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Note: I altered this article on July 23, corrected the time that The Village of Peace will play at the Castro on August 1.

This Year’s SF Jewish Film Fest Coming in July

The San Francisco Jewish Film Festival claims to be the oldest and largest Jewish film festival in the world. And at 34, it may also be the oldest film festival geared to a particular ethnicity.

Since I am personally of that ethnicity, this festival catches my attention more than the others. Which explains why I’m not writing a similar article on the Japan Film Festival of San Francisco (although I’d do that too if I had the time).

Unfortunately, I was fighting a cold Tuesday (still am), so I missed the press conference. But I have various press releases in front of me, so I’ll try to give you an overview.

The Festival runs from July 24 through August 10 at various locations around the Bay Area. For instance, it runs in San Francisco from opening night to August 3rd, but plays Berkeley August 1 – 7. Other venues are in Oakland, Palo Alto, and San Rafael–eight theaters in all.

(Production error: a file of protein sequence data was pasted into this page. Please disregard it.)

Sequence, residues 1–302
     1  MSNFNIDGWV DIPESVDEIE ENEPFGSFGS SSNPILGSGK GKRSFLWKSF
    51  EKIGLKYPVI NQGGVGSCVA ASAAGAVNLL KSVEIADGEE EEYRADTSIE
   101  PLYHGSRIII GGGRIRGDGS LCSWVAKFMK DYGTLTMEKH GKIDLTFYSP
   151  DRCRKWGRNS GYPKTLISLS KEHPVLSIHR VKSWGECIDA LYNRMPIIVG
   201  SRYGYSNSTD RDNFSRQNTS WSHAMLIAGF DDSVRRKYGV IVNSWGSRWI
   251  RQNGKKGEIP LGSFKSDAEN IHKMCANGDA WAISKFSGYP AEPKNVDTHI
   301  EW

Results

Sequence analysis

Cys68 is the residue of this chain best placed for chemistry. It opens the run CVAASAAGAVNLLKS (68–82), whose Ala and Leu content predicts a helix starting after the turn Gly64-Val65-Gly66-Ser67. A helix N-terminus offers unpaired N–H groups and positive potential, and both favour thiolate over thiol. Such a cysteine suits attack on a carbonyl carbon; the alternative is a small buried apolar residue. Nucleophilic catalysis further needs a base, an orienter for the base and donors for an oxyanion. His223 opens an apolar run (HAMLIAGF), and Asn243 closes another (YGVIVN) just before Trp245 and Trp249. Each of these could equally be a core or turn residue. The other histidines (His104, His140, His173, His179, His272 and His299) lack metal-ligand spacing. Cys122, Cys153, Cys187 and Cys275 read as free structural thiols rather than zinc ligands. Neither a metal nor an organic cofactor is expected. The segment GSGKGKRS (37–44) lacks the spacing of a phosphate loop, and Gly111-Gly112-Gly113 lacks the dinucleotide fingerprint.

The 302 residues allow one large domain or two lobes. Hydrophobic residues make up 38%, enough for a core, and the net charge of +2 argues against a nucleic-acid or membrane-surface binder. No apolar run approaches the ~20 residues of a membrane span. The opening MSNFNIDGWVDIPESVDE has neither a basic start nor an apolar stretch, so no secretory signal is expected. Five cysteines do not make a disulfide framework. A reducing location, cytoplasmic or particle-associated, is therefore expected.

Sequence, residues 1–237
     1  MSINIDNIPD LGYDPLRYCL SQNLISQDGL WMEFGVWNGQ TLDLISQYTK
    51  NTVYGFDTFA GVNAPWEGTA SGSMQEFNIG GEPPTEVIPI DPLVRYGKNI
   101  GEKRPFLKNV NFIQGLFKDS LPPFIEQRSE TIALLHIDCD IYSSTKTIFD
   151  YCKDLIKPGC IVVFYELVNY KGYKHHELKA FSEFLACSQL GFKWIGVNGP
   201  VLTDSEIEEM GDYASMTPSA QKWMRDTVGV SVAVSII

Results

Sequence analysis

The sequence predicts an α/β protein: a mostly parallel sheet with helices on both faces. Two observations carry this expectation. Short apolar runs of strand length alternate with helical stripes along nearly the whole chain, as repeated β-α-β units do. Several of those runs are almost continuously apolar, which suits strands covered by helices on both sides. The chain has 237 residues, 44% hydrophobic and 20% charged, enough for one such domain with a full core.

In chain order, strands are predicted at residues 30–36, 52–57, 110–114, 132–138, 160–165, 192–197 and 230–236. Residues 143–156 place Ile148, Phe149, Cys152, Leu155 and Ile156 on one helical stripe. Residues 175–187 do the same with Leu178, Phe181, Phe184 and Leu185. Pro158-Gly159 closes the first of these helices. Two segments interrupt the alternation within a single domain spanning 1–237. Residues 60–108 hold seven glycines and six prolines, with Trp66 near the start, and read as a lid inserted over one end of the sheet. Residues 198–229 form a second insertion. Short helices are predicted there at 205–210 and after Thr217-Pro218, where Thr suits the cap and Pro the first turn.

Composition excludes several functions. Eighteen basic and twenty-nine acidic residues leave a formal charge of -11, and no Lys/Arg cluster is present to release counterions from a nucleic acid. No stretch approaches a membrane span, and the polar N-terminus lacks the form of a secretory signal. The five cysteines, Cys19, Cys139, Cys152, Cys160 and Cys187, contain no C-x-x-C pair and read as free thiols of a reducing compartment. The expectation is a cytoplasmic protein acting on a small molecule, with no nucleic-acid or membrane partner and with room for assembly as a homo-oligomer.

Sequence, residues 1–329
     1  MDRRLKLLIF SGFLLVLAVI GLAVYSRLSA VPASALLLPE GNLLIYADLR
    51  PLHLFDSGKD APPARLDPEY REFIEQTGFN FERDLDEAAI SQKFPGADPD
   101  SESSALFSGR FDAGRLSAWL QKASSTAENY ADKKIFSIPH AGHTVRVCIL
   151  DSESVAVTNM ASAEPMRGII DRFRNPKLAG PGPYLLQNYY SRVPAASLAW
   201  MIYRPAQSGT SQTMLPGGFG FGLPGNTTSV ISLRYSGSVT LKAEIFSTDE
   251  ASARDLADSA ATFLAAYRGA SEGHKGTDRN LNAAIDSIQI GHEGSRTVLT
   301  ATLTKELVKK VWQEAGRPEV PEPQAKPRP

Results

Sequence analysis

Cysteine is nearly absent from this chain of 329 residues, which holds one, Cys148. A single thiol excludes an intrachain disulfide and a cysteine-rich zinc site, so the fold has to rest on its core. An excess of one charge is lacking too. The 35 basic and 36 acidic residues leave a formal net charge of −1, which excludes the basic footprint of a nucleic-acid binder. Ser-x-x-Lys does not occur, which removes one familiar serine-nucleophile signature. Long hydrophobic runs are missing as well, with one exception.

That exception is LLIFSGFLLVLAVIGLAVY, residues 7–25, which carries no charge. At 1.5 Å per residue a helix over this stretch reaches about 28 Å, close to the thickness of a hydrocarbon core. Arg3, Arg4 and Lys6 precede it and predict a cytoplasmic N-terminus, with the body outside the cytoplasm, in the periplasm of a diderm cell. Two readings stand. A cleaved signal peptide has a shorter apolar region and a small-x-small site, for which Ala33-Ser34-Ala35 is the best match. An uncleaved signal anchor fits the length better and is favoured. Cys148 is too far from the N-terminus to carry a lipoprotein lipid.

It will screen 49 features, more than half of them documentaries, as well as 18 shorts.

This year, the Freedom of Expression Award goes to actor (and, according to the press release, activist) Theodore Bikel. His award ceremony will include a screening of a new documentary, Theodore Bikel: In the Shoes of Sholem Aleichem.

Another of those documentaries, The Green Prince, opens the festival. It’s the story of a Palestinian fighter who is captured by the Israeli government and turned into a spy. From what I gather, it’s pretty much from the Israeli point of view, but I haven’t seen it so I’m not sure.

This year, there’s a spotlight on one of Judaism’s finest traditions: comedy. This includes two documentaries on the art of making people laugh: Quality Balls: The David Steinberg Story and Comedy Warriors. Among the comic features is an Israeli military farce called Zero Motivation.

In fact, there seems to be an unofficial focus on the Israeli military. God’s Slave is a thriller involving an Islamic terrorist and a Mossad agent in Buenos Aires.

I’m hoping to preview some of these films before the Festival opens. Stay tuned.

I Wake Up Dreaming about Silents: Bay Area May Film Festivals